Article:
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Ecosystems offer a new way to bring multiple firms together in order to deliver new value propositions. By working together, the hub firm and its complementors can create innovative ‘product plus service’ bundles that span traditionally separate industries to offer an experience that simply wasn’t available before. Such experiences can delight customers and give firms a powerful point of differentiation against competitors.
1. Consider the merits of business ecosystems, where firms move beyond their traditional boundaries to both offer broader and more embedded value propositions encompassing both products and services, working with other actors (firms, organisations and individuals) to do so.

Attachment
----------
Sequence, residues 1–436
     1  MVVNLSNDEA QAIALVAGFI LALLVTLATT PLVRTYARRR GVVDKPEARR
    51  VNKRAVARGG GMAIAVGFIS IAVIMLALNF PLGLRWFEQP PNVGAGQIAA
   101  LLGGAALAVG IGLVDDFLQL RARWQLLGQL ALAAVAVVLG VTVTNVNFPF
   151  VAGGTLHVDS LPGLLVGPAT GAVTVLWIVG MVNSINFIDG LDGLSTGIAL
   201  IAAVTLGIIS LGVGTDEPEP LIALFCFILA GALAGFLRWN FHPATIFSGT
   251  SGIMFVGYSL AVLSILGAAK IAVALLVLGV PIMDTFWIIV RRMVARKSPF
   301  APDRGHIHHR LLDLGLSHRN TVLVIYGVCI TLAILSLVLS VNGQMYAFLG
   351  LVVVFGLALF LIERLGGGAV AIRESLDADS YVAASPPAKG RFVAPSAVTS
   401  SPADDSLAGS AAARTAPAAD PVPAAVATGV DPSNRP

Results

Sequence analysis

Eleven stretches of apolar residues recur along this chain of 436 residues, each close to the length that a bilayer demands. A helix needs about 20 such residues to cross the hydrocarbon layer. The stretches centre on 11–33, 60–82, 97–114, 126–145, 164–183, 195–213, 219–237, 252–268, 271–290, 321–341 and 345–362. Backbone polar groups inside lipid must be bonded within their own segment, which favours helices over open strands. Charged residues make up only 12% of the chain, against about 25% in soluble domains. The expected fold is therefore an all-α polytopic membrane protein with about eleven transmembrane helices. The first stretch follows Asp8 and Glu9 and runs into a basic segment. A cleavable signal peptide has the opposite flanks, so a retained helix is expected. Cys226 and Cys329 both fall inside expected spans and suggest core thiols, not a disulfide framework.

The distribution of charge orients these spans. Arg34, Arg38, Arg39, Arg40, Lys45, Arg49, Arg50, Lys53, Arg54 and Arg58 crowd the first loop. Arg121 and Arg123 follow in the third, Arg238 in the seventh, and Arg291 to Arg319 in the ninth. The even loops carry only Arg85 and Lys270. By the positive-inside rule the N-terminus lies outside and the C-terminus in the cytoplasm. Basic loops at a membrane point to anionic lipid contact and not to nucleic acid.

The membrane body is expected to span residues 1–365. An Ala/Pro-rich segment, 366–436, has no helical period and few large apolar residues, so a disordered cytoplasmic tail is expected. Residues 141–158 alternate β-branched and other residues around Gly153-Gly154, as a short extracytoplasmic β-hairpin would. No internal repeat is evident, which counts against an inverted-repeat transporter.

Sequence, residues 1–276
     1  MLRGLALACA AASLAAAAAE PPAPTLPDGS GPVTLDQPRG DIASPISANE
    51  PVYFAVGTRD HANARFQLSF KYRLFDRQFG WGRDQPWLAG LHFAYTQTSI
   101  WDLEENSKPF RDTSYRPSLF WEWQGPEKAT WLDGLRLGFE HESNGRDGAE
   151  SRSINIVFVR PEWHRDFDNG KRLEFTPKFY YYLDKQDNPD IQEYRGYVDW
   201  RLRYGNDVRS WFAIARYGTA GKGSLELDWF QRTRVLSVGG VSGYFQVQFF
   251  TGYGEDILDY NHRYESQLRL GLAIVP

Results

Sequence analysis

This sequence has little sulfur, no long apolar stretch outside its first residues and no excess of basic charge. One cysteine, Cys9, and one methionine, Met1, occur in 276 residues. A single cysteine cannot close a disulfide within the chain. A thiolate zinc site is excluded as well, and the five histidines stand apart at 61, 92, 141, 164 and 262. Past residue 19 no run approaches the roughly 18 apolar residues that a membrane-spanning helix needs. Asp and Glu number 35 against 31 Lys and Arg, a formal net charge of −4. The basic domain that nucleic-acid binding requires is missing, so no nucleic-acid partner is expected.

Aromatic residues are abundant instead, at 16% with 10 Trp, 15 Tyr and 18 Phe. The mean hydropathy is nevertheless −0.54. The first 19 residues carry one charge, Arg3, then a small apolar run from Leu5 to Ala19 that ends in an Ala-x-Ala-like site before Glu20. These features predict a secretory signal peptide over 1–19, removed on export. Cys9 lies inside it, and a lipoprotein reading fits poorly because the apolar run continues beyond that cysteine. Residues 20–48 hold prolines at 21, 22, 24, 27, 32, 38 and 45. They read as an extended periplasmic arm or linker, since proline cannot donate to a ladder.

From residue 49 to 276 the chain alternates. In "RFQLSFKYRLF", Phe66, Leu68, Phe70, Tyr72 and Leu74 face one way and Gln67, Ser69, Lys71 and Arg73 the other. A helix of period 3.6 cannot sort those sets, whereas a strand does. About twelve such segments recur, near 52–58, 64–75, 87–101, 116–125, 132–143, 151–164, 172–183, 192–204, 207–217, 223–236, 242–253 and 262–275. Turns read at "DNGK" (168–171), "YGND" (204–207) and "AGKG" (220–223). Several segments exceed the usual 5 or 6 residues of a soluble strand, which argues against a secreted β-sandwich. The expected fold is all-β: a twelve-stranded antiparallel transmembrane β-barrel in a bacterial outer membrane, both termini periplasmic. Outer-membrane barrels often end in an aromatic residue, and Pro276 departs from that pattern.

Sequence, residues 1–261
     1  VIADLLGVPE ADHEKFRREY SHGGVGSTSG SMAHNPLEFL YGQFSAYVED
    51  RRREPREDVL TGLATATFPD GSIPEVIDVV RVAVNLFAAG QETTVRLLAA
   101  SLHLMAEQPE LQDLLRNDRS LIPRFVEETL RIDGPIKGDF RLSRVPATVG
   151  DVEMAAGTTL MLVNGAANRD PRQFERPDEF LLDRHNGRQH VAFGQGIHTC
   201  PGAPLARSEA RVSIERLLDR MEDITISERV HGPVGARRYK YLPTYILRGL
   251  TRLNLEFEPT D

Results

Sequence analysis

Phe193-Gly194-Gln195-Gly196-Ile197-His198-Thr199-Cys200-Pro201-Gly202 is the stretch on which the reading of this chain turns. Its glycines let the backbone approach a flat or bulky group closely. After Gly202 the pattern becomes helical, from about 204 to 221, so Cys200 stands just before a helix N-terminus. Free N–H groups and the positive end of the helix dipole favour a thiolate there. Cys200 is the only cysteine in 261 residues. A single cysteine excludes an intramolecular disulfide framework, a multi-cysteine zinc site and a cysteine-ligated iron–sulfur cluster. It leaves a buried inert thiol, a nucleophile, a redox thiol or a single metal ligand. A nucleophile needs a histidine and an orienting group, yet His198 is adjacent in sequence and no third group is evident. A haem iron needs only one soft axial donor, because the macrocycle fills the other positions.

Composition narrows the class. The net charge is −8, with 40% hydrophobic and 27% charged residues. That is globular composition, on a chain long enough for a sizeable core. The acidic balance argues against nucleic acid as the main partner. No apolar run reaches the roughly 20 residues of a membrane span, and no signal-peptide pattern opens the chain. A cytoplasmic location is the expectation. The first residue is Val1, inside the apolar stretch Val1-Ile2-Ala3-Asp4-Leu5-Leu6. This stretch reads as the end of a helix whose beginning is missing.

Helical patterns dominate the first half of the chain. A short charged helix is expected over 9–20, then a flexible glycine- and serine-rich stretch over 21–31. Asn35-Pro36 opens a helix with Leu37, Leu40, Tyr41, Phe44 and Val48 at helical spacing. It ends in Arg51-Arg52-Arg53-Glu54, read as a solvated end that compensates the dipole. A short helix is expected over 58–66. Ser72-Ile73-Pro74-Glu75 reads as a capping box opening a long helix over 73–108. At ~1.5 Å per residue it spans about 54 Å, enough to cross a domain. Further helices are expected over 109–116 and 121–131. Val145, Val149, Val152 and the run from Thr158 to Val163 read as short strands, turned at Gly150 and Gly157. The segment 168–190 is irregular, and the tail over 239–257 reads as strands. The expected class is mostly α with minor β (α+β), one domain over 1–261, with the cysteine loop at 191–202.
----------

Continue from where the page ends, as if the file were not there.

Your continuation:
2. Look at how an innovative firm (Haier) radically changed its organisational structure to become more competitive and why it decided to move a step further, to better integrate outside parties, by structuring itself around “Ecosystem Microenterprise Communities”.
3. Consider how firms should change their internal structures to become better participants (be it orchestrators or partners) in (digitally enabled) business ecosystems and look at the trade-offs in the different ways to organise illustrated by the case study.
4. Provide the opportunity to debate the value (to a firm, to workers and to society) of different ways of organising, focusing in particular on non-traditional structures from Haier’s EMCs to gig-economy platforms.
5. Understand how cultural, institutional and business factors in different countries (here, the US and China) drive firms’ choices on how best to organise, and whether a group should pursue a unified or differentiated model of organising.
|Publication Date:||December 2023|
|LBS Case Code:||CS-22-018|
|Subjects:||Business model disruption, Digital Ecosystems, Ecosystem strategy, Innovation, Organisational development, Strategic transformation|
|Geography:||China, International, United States|